THS senior wins campaign at Boys State
A Kansas attorney general now hails from Tonganoxie.
Phill Kline hasn't been replaced. But John Davis, a senior-to-be at Tonganoxie High School, was voted attorney general last week at the American Legion Boys State in Manhattan.
Davis beat out 34 other youths who campaigned for the job.
In the primaries, Davis was selected among 19 Nationalist Party members. And in the general election, Davis beat out Federalist Party member Brett Lundmark, who is from Lawrence.
Davis said when filling out applications for Boys State, participants had to answer whether they were in favor of affirmative action.
Those against affirmative action were placed in the conservative Federalist Party, while those who voted for affirmative action were designated as liberal Nationalist Party members. Davis was for affirmative action and subsequently became a Nationalist.
"I felt really good about it," Davis said about being elected. "I was really excited."
Boys State started June 11 on the Kansas State University campus. June 12, Davis campaigned for the primaries as part of a "whistle-stop tour" for the primary election. The candidates made their way through various floors in Kansas State University residence halls, campaigning to members of their respective parties.
During the general election, which was June 13, Davis squared off against his Federalist opponent in an actual debate.
Davis won the election, taking one of six state offices. He was the only Nationalist elected to a state office. The other five -- governor, state treasurer, secretary of state, commissioner and lieutenant governor -- were held by Federalists.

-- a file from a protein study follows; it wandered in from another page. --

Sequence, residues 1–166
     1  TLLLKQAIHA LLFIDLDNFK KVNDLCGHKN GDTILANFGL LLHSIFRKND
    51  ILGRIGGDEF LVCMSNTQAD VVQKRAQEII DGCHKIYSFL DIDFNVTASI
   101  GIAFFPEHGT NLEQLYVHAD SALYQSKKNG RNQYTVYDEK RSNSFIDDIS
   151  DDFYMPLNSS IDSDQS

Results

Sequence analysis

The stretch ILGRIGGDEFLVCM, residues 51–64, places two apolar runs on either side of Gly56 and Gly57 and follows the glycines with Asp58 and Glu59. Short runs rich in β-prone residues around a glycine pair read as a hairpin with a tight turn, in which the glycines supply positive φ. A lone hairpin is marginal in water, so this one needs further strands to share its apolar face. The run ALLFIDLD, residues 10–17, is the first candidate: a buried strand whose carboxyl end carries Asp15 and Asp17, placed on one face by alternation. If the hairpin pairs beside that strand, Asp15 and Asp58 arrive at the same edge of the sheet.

As attorney general, Davis reviewed city and county ordinances to determine whether they were constitutional. In addition, he prosecuted in court and worked with other government officials on budgetary issues.
"In general I found it to be a very comprehensive, albeit not a 100 percent portrayal of a government," Davis said.
At THS, Davis is involved in forensics and debate, as well as cross country and track. The incoming senior isn't certain what he will major in when college nears, but he's pretty certain he would like to be involved in politics at some point.
"Looking at college I'm not really sure yet, politics maybe later in life," Davis explained. "I don't think that's the first thing I have to do.
"I always see myself as being politically active in some way though."
Last week, Davis nabbed a quick taste of political life.
"I really met a lot of people as I would consider as good contacts and good friends really," Davis said.
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